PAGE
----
Last week I introduced two Indian traders, Barney Burns and Mahina Drees. Today I continue their story.
Barney Tillman Burns died on August 14, 2014. On October 2, 2015 a mutual friend told me that Mahina Drees Burns was looking for someone to help her to organize and photograph the collection of masks that she and Barney had assembled over a period of decades. Of course I indicated my strong interest. On March 10, 2016 I flew from Pennsylvania to Tucson at Mahina’s invitation to photograph the masks. I was there for nearly two weeks. A wonderful friend, Wade Sherbrooke, loaned Mahina and me his garage to use as a studio. As it turned out, there were at least 768 masks (plus a few more that Mahina discovered after I had returned to Pennsylvania); of those, 409 were Yaqui. Here is a photo of my garage studio.
The next photo is the view from Wade’s back yard of the land outside of the garage. This is a mountain adjacent to Saguaro National Park West.
Going into this project, I really didn’t know what to expect. Mahina and Barney had actively collected danced masks, put them away in boxes, and moved on to their next tasks. Would the masks prove to be old or recent? Would I encounter carvers who were otherwise unknown to me? Would there be masks by identified carvers that allowed me to identify anonymous masks in my own collection? And vice versa? In fact, most of the masks dated to the last 30 years or so, I discovered some carvers who were new to me, and I did make many connections between anonymous masks and others that were well documented.
However, the greatest benefit was that I gained an entirely new perspective on Yaqui mask use in Sonora. If you think about it, my exposure to the Yaqui scene in Tucson, Arizona provided but an indirect window on the larger culture in Sonora. Dancers and masks came up to Tucson, but observation of those visitors and masks could only be suggestive. In contrast, this group of Sonoran danced masks provided an unexpectedly richer picture. For one thing, there were so many danced masks collected during recent decades, revealing the persistent strength of these dance traditions. Furthermore, the masks themselves were so interesting, and in an unexpected way. In comparison to the made for sale masks, the danced masks by the same carvers were a little larger, a little heavier, and most tellingly, they were often simpler in their design.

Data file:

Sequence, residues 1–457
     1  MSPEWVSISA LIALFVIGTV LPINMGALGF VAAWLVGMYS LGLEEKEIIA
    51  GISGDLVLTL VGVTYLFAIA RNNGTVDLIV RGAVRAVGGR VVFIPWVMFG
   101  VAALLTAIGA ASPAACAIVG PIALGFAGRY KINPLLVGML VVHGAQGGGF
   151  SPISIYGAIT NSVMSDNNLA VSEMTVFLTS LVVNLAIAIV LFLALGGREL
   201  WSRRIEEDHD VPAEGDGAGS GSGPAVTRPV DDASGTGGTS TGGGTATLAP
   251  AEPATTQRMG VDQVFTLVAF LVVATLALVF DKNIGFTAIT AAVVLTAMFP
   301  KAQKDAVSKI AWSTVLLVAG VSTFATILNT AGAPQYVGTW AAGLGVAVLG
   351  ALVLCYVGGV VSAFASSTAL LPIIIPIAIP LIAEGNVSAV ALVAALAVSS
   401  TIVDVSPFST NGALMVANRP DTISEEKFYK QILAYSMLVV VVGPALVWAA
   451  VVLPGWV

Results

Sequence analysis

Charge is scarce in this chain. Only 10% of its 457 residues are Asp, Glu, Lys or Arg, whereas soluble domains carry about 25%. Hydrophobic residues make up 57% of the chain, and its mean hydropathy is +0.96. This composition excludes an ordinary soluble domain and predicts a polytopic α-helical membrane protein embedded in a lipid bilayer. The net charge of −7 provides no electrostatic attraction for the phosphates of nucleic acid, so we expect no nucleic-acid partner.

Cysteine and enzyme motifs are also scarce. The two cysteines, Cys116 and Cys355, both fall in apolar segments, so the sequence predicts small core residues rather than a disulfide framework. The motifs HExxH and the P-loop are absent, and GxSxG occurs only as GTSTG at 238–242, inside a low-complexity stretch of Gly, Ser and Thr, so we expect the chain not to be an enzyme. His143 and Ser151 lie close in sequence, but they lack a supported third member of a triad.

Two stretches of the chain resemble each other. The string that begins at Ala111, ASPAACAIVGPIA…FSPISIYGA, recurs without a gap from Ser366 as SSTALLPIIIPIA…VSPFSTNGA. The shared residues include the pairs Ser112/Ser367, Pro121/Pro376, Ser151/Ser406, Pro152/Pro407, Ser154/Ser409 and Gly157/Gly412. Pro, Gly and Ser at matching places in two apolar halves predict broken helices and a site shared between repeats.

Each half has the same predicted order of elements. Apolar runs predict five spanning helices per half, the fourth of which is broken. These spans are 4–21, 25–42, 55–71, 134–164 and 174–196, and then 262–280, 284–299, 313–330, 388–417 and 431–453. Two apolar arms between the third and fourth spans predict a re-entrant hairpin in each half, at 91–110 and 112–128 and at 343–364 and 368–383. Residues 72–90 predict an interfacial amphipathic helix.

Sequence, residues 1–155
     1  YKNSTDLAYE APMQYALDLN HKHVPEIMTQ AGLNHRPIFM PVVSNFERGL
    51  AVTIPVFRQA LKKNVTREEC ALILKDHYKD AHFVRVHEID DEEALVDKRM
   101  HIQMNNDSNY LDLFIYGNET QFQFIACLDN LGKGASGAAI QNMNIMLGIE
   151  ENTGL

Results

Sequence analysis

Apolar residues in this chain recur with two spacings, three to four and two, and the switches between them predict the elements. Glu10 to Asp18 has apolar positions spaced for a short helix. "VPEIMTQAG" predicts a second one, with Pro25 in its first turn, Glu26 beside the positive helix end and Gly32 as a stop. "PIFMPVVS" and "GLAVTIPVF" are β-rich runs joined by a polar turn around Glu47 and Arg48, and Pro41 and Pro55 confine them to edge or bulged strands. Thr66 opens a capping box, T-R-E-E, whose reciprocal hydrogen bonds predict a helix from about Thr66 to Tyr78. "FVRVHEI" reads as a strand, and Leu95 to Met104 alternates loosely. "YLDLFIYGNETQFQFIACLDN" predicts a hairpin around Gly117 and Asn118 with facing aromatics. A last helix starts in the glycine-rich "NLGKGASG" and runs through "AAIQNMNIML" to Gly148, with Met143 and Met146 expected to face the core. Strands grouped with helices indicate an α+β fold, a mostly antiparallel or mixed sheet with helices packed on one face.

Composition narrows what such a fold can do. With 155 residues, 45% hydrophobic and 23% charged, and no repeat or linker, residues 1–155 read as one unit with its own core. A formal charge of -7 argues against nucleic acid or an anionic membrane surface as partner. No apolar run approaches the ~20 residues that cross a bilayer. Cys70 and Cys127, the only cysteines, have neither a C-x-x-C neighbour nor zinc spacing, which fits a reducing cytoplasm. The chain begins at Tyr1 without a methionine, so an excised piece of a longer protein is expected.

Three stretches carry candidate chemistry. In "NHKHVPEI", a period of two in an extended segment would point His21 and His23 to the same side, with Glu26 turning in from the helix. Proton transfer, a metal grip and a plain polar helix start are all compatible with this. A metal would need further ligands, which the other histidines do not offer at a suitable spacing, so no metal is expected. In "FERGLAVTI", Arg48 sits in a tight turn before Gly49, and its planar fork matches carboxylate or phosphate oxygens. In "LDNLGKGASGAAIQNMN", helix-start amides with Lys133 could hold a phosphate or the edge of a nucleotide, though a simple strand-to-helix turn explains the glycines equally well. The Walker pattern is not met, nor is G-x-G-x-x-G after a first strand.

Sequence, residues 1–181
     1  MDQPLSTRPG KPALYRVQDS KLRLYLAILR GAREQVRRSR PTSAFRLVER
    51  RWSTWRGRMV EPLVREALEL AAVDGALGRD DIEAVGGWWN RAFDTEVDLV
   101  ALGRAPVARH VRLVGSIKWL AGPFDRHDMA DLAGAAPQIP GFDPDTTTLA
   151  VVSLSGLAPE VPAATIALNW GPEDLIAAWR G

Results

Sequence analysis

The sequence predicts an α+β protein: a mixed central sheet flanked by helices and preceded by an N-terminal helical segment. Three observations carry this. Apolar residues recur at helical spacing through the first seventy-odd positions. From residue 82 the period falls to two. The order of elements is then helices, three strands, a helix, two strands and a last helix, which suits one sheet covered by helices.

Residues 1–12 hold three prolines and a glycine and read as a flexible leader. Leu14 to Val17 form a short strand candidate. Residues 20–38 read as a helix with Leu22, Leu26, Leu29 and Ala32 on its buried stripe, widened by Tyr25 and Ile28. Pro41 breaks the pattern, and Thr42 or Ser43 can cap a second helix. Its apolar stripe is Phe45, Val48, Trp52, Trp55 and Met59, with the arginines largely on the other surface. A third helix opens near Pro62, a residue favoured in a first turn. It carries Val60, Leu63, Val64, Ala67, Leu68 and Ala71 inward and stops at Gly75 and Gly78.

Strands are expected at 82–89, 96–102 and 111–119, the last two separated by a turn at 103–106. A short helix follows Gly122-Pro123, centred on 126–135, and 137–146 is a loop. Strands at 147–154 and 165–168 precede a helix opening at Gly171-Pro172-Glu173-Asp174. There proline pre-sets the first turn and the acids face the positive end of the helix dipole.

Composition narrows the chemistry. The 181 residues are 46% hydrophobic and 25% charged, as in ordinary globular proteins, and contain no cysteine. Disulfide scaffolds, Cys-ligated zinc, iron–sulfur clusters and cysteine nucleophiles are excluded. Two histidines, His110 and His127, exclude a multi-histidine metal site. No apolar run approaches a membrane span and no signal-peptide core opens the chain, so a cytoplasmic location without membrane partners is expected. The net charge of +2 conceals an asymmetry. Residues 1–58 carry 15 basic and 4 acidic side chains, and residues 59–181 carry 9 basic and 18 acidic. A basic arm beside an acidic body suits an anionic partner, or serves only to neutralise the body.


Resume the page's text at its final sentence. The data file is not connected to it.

So I thought that I would continue posting about Yoeme Pascola masks and carvers by either comparing made for sale masks to danced masks by the same carver, and/or by simply celebrating other carvers whose masks are primarily traditional and danced, in either case mixing the masks I recently photographed from the Barney Burns and Mahina Drees collection with others in my collection or in other collections accessible to me. In this post and the next I will focus on a comparison of made for sale and danced masks by Rodrigo Rodriguéz Muñoz, the carver of the first mask in last week’s post. Here is a made for sale canine mask that was collected in 2005.
As you will later see, this made for sale mask and the next have much in common with the traditional examples that follow them. It has the same flat forehead and the same forehead cross, similar eyes, and a similar rim design.
The designs are outlined by inscribed lines.
The teeth are very carefully carved.
This mask is 8½ inches tall, 5 inches wide, and 2¾ inches deep.
The pencil inscription on the right edge of the back reads “Mexico, 1/05, RR.” The actual back is barely wide enough to cover a dancer’s face.